The latest additions to our home library

Over the weekend, I visited a library book sale to stock up on children’s books.

Even though the husband and I don’t have children yet, we’re getting a head start on establishing our home kid lit library. We want to get a wide range of books that represent the classics, educational literature, diversity, and fun. This weekend’s book haul included:

PICTURE BOOKS

I added seven picture books to our home library with these titles.

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  • The Market Square Dog, Only One Woof, and Bonny’s Big Day: All three of these titles are written by James Herriot, a British veterinary surgeon who practiced throughout the mid 1900s and wrote about many of his experiences with animals and their owners. My paternal grandmother bought me James Herriot books as a child, including a James Herriot pop-up book and “The Christmas Day Kitten” (which I still have). There’s a bit of educational value in these books, but mostly they’re endearing (and sometimes tear-jerking) pleasure reading.
  • Time to Sleep: This book addresses hibernation in a roundabout way and opens the door to an educational discussion, but even better, this book is just fun to read. It’s sort of like a game of telephone, and it’s very circular in how the end meets the beginning. It’s also a perfect bedtime story.
  • The Unbreakable Code: This book has a lot to offer. Diversity, history, educational value, gorgeous illustrations. The book is written as a conversation between a Navajo grandfather and his grandson, who has to move to Minnesota with his mother and new stepfather. It’s a story about hanging onto your heritage when moving to a new place. It also gives insight into a sliver of Navajo culture and language.
  • The Rainbow Bridge: Another book featuring diversity, this title peeks into the life of the Chumash, a Native American people from California. The book was inspired by a Chumash legend.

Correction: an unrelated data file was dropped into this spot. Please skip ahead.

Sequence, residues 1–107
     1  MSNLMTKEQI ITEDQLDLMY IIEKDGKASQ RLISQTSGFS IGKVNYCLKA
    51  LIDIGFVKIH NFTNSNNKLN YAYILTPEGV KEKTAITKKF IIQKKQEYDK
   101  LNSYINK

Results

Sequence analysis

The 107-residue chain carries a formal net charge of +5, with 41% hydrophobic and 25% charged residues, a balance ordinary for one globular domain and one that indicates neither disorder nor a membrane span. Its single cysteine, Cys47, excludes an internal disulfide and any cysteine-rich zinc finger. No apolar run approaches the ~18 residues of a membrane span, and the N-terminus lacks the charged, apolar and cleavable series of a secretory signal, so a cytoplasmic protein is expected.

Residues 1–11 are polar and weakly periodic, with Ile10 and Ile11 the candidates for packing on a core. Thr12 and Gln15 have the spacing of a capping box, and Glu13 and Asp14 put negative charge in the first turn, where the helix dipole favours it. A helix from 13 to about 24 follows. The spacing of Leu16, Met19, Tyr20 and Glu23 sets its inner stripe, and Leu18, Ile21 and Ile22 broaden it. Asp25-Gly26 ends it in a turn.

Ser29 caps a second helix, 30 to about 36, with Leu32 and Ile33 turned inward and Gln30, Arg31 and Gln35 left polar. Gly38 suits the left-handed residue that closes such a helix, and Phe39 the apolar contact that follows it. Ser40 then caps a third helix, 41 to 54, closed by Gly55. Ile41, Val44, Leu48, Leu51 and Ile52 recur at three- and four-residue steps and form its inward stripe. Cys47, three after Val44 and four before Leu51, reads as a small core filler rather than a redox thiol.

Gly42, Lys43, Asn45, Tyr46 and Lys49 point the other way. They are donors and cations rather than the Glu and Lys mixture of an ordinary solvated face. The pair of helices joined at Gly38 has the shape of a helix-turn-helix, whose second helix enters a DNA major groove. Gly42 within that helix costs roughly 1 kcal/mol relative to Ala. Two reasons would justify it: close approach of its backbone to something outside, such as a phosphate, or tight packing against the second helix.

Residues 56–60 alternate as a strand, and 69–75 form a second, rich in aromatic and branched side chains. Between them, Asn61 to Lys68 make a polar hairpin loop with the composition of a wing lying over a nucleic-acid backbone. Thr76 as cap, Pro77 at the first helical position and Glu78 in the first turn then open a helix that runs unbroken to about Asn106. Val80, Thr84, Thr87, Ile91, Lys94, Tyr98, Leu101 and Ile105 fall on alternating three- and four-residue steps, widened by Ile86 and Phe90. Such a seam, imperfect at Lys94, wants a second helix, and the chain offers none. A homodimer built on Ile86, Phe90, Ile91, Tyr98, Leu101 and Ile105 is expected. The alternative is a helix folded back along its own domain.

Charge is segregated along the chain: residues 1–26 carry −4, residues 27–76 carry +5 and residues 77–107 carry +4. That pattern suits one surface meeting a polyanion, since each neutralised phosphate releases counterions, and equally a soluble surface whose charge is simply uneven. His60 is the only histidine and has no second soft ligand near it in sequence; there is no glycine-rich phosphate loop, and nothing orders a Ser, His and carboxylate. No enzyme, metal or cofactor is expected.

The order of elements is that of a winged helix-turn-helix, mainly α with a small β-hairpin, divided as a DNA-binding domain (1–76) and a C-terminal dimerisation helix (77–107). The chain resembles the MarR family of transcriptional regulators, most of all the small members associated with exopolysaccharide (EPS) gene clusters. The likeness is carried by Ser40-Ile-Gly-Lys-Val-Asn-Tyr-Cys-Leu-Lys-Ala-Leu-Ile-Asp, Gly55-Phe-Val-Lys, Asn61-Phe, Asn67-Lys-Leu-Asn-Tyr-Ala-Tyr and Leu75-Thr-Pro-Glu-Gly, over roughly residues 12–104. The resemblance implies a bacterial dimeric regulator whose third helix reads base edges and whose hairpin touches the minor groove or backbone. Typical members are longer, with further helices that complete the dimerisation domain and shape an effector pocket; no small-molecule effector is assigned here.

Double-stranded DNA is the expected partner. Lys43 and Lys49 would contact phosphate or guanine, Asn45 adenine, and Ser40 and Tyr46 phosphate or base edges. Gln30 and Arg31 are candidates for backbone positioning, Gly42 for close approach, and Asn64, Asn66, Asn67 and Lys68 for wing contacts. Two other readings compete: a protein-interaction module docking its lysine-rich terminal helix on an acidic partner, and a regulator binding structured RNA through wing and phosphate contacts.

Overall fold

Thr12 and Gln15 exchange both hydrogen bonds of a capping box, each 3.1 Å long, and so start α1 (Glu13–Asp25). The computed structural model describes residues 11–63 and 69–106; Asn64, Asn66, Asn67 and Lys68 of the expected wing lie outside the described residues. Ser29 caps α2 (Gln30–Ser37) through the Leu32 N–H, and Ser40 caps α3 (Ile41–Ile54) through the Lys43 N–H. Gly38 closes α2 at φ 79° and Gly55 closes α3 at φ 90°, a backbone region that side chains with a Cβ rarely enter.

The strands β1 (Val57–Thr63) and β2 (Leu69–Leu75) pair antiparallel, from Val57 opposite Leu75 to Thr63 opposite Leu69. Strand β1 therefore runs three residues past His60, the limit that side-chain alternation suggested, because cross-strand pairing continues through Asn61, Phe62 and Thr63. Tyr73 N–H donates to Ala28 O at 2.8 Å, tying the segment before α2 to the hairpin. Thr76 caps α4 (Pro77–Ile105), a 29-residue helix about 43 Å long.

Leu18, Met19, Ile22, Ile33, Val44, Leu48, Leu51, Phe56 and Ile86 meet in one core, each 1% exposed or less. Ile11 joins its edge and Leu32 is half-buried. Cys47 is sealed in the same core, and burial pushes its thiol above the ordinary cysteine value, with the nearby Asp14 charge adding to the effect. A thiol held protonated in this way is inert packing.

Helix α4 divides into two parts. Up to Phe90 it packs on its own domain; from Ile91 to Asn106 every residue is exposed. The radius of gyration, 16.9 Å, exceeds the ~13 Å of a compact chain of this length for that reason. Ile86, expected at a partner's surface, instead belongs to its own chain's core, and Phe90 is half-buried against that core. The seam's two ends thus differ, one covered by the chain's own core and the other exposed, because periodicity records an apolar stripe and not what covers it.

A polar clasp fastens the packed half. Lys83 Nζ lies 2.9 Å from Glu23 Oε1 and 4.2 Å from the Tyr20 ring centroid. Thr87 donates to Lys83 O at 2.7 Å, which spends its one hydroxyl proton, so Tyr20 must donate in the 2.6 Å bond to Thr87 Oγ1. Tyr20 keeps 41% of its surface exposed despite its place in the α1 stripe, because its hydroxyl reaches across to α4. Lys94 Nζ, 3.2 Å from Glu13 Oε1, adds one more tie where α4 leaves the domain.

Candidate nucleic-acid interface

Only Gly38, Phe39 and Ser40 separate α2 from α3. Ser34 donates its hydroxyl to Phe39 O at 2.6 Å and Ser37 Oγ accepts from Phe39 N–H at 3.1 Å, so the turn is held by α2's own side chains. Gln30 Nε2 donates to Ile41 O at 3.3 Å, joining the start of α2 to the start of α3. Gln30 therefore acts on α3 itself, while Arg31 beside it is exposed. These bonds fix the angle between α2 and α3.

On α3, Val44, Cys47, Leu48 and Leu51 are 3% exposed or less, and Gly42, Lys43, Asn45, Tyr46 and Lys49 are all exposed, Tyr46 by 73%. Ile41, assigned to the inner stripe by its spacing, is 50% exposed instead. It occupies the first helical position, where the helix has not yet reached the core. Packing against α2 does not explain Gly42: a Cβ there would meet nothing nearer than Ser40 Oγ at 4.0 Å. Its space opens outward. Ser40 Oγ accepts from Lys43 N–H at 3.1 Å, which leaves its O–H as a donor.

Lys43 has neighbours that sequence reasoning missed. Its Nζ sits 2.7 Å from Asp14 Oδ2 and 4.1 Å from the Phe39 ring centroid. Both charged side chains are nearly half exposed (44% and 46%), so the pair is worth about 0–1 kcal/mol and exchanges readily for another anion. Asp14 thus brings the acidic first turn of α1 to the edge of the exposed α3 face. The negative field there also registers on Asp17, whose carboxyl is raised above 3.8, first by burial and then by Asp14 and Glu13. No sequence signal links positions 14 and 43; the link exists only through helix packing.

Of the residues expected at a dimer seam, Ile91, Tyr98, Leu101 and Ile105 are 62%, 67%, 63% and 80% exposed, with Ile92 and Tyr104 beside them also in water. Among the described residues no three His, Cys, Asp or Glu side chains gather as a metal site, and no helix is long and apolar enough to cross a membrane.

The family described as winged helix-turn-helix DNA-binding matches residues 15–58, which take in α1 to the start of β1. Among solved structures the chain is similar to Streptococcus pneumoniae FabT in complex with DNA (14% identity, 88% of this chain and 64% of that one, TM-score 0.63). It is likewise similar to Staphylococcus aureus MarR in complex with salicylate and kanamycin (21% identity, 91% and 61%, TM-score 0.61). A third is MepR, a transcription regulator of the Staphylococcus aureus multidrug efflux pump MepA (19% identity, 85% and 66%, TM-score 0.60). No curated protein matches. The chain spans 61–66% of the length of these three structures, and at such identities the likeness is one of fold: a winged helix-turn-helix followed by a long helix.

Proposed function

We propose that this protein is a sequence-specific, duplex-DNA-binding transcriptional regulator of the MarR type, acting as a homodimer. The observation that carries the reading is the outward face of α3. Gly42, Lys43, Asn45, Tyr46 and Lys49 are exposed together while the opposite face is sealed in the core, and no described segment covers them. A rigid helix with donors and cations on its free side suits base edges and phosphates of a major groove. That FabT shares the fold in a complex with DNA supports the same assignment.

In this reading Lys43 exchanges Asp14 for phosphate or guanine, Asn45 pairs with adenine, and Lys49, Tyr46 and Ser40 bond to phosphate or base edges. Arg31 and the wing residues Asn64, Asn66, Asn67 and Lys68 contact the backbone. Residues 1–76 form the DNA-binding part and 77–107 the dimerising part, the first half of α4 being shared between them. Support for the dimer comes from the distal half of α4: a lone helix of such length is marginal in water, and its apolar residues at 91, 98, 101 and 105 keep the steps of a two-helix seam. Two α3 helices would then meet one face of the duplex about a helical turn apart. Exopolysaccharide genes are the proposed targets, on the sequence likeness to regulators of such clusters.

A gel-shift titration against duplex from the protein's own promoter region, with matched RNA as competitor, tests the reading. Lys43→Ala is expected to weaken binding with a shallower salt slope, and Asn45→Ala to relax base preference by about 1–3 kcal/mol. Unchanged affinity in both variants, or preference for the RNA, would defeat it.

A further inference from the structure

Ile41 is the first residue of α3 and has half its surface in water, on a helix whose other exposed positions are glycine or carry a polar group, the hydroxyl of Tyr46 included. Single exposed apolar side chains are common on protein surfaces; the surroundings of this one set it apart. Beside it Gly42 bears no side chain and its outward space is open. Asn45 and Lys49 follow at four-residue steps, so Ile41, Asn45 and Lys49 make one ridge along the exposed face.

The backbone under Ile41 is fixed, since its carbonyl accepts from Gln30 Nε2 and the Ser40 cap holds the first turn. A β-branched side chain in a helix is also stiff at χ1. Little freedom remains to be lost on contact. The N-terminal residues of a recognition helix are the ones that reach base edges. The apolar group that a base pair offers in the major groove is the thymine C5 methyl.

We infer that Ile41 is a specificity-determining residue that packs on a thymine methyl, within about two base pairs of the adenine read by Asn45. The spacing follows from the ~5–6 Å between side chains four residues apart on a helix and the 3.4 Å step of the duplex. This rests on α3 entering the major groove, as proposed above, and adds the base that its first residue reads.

• We All Went on Safari: This one falls soundly into the educational category. Set in Tanzania, this is a counting book for pre-K children featuring the animals of Tanzania. Our future kids’ geography-loving dad will especially love showing our little readers how to find Tanzania on a map and tell them about Africa.

CHAPTER BOOKS / YA

A bonus of library book sales is that you can often find a few classics for sale. As the old copies wear out and the library orders new copies, there’s a good chance they’ll sell the worn copies. That was the case when I found kid lit titles like “Stuart Little,” “The Trumpet of the Swan,” and “A Gathering of Days” over the weekend.

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  • A Gathering of Days: This one is a classic Newbery Honor Medal winner.
  • Countdown: I’ve never read this YA book, but it offers a glimpse into the 1960s with clever design and storytelling. In the book’s description, it says, “Featuring a captivating story interspersed with footage from 1962, award-winning author Deborah Wiles has created a documentary novel […]” This book seems to capture both education and fun.
  • Belle Prater’s Boy: I remember this title being on my school’s Battle of the Books list more than once. Even though I wouldn’t call it a classic, it’s worth having on the shelf for pleasure reading.